Home > Research > Publications & Outputs > Asymmetries in Monetary Policy

Electronic data

  • CEPR-DP15944

    Rights statement: This is the author’s version of a work that was accepted for publication in European Economic Review. Changes resulting from the publishing process, such as peer review, editing, corrections, structural formatting, and other quality control mechanisms may not be reflected in this document. Changes may have been made to this work since it was submitted for publication. A definitive version was subsequently published in European Economic Review, 140, 2021 DOI: 10.1016/j.euroecorev.2021.103945

    Accepted author manuscript, 619 KB, PDF document

    Embargo ends: 26/10/23

    Available under license: CC BY-NC-ND: Creative Commons Attribution-NonCommercial-NoDerivatives 4.0 International License

Links

Text available via DOI:

View graph of relations

Asymmetries in Monetary Policy

Research output: Contribution to journalJournal articlepeer-review

Published
Close
Article number103945
<mark>Journal publication date</mark>30/11/2021
<mark>Journal</mark>European Economic Review
Volume140
Publication StatusPublished
Early online date26/10/21
<mark>Original language</mark>English

Abstract

Nonlinearities embedded in the standard New-Keynesian model show that a welfare maximizing policymaker should behave in line with a contractionary bias, fearing more expansions in output and inflation rather than contractions. On the contrary, the aggregate-supply equation implies that any upward pressure coming from real marginal costs does not necessarily push up inflation. Once these two forces are combined in the optimal policy, an overall expansionary bias emerges. The nonlinearities of the AS equation combined with changes in volatility can be responsible for a flattening in the estimated linear Phillips curve.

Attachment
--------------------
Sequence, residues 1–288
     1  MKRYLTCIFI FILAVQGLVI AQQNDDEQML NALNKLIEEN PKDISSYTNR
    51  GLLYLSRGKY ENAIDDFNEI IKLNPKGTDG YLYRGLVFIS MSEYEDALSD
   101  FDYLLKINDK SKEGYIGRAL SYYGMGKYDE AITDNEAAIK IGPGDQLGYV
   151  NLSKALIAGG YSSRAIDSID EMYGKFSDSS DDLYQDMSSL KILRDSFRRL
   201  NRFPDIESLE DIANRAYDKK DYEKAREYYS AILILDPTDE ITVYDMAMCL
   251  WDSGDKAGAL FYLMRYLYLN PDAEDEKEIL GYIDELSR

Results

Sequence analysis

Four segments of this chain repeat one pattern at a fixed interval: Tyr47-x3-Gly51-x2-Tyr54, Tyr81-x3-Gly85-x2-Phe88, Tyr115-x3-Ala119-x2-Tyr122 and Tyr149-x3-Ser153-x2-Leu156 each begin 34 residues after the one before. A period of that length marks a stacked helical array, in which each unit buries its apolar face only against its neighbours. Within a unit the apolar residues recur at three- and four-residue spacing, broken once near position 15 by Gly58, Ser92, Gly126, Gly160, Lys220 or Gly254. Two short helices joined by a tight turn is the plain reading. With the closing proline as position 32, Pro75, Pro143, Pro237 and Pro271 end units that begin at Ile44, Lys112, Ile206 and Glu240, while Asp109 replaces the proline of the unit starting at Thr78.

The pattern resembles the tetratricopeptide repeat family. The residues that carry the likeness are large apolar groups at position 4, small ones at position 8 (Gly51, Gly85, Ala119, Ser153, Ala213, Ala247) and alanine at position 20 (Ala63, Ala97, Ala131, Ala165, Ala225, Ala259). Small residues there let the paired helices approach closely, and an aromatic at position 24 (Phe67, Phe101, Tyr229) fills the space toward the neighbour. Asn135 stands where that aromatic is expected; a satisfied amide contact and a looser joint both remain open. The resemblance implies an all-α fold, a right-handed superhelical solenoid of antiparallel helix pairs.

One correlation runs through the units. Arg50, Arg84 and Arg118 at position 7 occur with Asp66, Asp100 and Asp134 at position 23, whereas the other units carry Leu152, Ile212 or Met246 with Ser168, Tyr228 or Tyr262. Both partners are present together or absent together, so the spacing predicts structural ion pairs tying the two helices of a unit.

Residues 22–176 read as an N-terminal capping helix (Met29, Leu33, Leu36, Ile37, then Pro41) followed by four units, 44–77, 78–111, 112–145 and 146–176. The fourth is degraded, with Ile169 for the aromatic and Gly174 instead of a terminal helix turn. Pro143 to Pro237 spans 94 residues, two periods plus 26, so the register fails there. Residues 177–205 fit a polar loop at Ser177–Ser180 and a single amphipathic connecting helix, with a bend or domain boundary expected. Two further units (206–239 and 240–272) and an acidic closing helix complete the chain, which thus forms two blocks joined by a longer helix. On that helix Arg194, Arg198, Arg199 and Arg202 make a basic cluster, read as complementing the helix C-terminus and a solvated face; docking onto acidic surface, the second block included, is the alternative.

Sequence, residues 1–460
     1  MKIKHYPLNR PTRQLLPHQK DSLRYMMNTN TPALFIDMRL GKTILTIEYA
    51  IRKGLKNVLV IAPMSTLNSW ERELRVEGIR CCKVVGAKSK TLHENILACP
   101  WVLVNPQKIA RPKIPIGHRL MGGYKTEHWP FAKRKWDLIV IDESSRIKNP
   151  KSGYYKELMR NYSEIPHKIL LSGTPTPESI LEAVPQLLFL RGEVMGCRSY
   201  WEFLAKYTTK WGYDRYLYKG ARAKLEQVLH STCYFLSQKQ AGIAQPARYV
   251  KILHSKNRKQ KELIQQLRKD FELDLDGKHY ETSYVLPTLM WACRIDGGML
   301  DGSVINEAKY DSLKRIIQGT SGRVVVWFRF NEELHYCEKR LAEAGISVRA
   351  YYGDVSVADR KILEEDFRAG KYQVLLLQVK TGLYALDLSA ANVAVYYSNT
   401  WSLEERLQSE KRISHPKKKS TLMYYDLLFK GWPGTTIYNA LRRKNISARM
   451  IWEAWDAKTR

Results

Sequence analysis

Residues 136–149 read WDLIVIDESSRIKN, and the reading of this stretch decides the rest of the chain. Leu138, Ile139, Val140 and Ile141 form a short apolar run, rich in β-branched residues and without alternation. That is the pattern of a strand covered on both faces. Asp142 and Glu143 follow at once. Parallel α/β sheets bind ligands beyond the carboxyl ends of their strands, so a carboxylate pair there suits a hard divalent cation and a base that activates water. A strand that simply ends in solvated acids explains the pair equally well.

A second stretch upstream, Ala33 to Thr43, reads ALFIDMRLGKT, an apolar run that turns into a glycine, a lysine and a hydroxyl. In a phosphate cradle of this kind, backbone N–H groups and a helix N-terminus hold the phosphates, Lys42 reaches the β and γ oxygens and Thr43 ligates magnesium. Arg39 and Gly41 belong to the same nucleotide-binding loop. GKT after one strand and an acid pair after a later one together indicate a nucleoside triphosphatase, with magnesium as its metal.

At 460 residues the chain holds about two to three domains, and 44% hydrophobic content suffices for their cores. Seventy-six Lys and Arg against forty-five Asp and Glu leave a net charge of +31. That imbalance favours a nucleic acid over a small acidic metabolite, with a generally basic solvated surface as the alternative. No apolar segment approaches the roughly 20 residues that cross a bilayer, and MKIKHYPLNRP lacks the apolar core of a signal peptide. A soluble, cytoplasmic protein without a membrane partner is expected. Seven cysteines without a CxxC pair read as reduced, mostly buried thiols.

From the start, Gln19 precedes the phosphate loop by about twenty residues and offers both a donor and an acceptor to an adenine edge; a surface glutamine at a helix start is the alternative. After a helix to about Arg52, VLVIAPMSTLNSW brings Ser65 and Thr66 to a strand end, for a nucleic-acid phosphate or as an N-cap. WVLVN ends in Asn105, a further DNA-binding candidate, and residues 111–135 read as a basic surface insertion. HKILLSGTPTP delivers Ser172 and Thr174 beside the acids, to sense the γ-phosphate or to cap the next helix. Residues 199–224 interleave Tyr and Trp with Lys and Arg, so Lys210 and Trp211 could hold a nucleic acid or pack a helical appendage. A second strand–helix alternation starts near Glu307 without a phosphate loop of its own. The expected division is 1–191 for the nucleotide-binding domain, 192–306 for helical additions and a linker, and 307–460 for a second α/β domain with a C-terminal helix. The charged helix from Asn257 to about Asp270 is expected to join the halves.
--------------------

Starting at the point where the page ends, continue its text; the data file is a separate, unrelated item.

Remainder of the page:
Bibliographic note

This is the author’s version of a work that was accepted for publication in European Economic Review. Changes resulting from the publishing process, such as peer review, editing, corrections, structural formatting, and other quality control mechanisms may not be reflected in this document. Changes may have been made to this work since it was submitted for publication. A definitive version was subsequently published in European Economic Review, 140, 2021 DOI: 10.1016/j.euroecorev.2021.103945